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Submitting Additional Testimony in Massachusetts Workers’ Compensation

ambulance-1334533-m-3Massachusetts’ workers’ compensation cases can wind up being lengthy processes. At the first hearing before an administrative law judge, the judge listens to both sides and reviews the parties’ documents, but does not listen to testimony. A temporary order is issued. If the claim is denied, the employee can appeal.

Usually an impartial examiner appointed by the DIA will examine the hurt worker. The examiner will file a report with DIA and both parties. Usually the judge will rely on this report. However, if the judge finds the report is not sufficient, he or she may allow additional medical testimony.

In Kujtime Uka v. Westwood Lodge Hospital, the Massachusetts reviewing board examined the appeal of an employee who was beaten around the head and face by patients. The employee was awarded a closed period of partial incapacity benefits for physical injuries, but was denied claims for psychological injuries. At issue in the appeal was the judge’s failure to cite additional medical evidence that the employee claimed was submitted.

The employee argued that she had submitted additional medical evidence to the administrative law judge by using a record transmission service. The transmission confirmed that she had sent the documents. However, the judge’s decision didn’t list the records that were sent as exhibits, nor did it mention the additional medical evidence. The document management system did not contain the additional evidence.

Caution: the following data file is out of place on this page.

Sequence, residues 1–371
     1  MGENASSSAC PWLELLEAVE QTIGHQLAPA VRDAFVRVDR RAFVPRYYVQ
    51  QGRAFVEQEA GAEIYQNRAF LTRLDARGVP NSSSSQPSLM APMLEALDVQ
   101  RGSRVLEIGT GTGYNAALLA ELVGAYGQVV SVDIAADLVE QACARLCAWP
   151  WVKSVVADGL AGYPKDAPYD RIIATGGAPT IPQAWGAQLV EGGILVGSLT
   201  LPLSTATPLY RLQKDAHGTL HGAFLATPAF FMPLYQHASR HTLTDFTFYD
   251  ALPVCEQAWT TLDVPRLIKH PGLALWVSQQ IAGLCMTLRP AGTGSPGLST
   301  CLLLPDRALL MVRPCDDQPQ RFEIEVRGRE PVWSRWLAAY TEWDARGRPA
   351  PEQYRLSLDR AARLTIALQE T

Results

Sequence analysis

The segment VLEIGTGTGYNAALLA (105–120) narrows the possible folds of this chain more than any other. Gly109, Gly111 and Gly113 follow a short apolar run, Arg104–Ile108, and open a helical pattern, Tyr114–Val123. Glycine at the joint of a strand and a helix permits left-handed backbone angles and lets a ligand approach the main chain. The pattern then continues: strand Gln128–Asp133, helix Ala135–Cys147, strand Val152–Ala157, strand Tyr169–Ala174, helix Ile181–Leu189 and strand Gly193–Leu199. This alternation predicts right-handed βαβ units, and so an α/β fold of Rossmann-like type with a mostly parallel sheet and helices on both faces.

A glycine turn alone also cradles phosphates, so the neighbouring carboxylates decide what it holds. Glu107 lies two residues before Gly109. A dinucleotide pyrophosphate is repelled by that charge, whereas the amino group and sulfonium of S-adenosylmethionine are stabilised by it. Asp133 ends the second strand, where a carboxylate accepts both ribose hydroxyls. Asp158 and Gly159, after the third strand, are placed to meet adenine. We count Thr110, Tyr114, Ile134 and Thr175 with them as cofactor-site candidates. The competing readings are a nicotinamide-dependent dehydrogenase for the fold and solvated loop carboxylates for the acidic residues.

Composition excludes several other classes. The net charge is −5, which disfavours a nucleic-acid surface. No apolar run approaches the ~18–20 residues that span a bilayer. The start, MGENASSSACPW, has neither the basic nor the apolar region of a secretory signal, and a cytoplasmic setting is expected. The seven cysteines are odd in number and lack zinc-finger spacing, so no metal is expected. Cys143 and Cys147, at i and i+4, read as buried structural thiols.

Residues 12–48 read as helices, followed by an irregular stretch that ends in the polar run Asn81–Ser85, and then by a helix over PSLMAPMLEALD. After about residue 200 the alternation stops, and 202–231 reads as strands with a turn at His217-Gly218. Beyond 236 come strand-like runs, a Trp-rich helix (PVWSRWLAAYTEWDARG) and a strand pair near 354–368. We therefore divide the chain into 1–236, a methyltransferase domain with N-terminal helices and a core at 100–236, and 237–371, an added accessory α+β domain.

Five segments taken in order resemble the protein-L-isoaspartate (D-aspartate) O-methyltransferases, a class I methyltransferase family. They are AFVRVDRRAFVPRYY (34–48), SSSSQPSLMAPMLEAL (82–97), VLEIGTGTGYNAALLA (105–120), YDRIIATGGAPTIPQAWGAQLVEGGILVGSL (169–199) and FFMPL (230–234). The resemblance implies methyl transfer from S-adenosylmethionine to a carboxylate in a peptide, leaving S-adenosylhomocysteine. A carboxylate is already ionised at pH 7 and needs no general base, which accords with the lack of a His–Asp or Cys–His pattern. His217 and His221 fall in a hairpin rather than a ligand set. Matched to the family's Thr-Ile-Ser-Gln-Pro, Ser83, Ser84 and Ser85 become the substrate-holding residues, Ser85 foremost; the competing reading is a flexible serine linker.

The insurer received the employee’s additional evidence on time and didn’t object to its admission. But, the insurer’s attorney did express his worry that the records were not in order or tabbed. The reviewing board could not determine whether the administrative court had even seen the evidence.

On appeal to the reviewing board, the insurer asked that the decision be affirmed because the additional evidence was cumulative (added nothing new) to the original evidence. It argued that the omission of the treating psychiatrist’s report and the treating therapist’s report was harmless and stated that they weren’t admissible opinion as to disability or causation.

The reviewing board explained that the rules of evidence apply to workers’ compensation hearings. The attorneys must provide certified copies of medical records so that the records are admissible at a hearing. The reviewing board noted that it was concerned with how much redundancy there was in the additional medical evidence because both the employee and insurer had submitted many of the same records.

The reviewing board noted that the parties should discuss before submitting additional evidence in order to figure out if certain records could be submitted as joint exhibits or reach agreement about the scope of records that each would seek to submit from any given provider.

The reviewing board also explained that the insurer’s objection was waived because it was not raised at the lower level. The decision was vacated and the judge was asked to reconsider the additional medical evidence. It ordered the employee to submit only those record that were relevant to the dispute that were not already part of the record.

If you are hurt at work,  you may be entitled to workers’ compensation benefits. An experienced Massachusetts workers’ compensation attorney can evaluate whether you have a sound claim and fight to make sure that your employer and its insurer follow the rules. Contact us by calling 800-367-0871 or using our online contact form.More Blog PostsMisclassification of Workers in Massachusetts, November 6, 2013

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